In addressing the traffic issues of our city, acknowledging we have a marketing problem is the first step toward earning public trust. Light rail services are the way of the future, but we currently lack a real timeline as to when they will solve our immediate needs. City leaders must act now to add additional buses to existing routes, use technology to help citizens know when mass transit options are in their area, and explore ways to become more efficient.
With respect to jobs, I will champion the job recruitment and retention efforts of our city. Recruiting good jobs goes beyond giving tax breaks to new comers to our area. The city’s leadership should embrace the existing small business community and ask what ways can the government get out of the way of increasing growth and creating more jobs. As mayor, I will recruit and retain jobs from companies near and far, increase the relationships we have with our existing business community, and reduce the city governance red tape that stifles growth.
7) What in your public or professional career shows your ability to be an effective member of the city council? If you’ve identified specific issues above, what in your record has prepared you to deal with them?
My 28 years in the practice of law have prepared me. In that time I’ve seen that often the only way to bring about positive change is to engage issues with direct and decisive intent. In doing so, I have won justice for everyday people in large settlements and judgments.
The breadth of my experiences in Raleigh from the Mini Parks and community centers to the boardrooms and drawing rooms and my experiences around the country and the world have helped to prepare me.
My faith prepares me. My optimism that Raleigh can go from good to great prepares me. We Can Do Better. I am prepared to lead Raleigh to the next level as Mayor.
8) Please give an example of an action by the city council in the past year that went wrong or should have been handled differently. Also, what was the city’s biggest accomplishment during that period?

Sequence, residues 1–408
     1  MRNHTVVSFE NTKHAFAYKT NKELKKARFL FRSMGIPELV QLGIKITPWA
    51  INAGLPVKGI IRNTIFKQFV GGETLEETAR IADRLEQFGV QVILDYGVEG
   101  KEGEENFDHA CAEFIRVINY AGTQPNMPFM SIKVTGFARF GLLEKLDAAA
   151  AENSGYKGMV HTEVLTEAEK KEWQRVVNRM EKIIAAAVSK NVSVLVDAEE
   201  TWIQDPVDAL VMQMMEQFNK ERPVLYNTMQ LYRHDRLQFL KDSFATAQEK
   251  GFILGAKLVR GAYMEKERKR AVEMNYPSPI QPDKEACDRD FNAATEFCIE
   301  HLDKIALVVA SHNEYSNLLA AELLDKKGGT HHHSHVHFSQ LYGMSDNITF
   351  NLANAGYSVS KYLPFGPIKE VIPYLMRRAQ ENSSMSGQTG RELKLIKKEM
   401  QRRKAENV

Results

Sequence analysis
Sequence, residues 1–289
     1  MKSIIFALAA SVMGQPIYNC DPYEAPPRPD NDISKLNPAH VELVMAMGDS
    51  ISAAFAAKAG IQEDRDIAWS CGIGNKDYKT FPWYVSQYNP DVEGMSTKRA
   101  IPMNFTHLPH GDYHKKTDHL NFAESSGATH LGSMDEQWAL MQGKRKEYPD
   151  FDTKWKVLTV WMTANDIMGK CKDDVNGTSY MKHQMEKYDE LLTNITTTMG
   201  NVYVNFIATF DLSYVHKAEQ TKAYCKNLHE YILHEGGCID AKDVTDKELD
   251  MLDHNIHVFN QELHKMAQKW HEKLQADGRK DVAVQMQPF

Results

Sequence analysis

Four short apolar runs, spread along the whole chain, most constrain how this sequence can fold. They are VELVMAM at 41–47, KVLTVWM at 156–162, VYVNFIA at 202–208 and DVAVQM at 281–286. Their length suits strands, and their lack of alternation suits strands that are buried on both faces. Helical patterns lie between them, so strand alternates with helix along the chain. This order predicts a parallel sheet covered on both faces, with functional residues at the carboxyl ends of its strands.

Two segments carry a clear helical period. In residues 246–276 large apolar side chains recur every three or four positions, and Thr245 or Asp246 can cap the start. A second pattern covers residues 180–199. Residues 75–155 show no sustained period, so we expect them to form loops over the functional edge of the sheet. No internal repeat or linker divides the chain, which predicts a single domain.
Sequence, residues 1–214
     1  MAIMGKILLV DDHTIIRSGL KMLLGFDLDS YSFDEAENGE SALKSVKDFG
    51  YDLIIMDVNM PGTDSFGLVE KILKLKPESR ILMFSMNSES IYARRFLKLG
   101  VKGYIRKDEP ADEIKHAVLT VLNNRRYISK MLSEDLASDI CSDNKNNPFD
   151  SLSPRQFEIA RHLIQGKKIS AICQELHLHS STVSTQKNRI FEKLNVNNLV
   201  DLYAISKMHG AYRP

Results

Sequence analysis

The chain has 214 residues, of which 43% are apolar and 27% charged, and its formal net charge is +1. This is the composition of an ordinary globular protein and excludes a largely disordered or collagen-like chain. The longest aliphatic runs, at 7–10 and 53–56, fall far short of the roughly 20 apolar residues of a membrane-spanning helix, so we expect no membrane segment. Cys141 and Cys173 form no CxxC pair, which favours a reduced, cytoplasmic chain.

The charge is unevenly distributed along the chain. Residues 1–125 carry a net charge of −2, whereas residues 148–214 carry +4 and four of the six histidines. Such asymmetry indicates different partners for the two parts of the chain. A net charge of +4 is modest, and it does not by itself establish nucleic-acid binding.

I know Raleigh can do better and we can start by acknowledging that Raleigh is wasting money to request additional studies for budgetary decision. Our first responders and other city employees deserved a pay increase and $250,000 of taxpayer monies to determine the level of pay increases is not good government. We should have competent city management that can access such a situation and not participate in such frivolous spending.
9) How do you identify yourself to others in terms of your political philosophy? For example, do you tell people you’re a conservative, a moderate, a progressive, a libertarian?
I am a Jim Hunt Democrat. I believe we must increase social mobility. We must listen to our business leaders for information on how to bring more jobs to our city. I believe in including diverse opinions to attract support from a broad range of people.
10) Now that the city is moving ahead with plans for the 306-acre Dorothea Dix Park, what are some specific features or focuses you’d work to see as part of final design?
I would like to see more citizen involvement beyond individuals who live near Dix Park. If Dix Park is the Central Park of Raleigh for the people of the city, then we must hear from regular residents who live beyond the downtown corridor. Small business leaders should be a part of the discussion as to what they would like to see commercially at Dix. These leaders must be a part conversation on the growth and opportunity for local businesses at the park.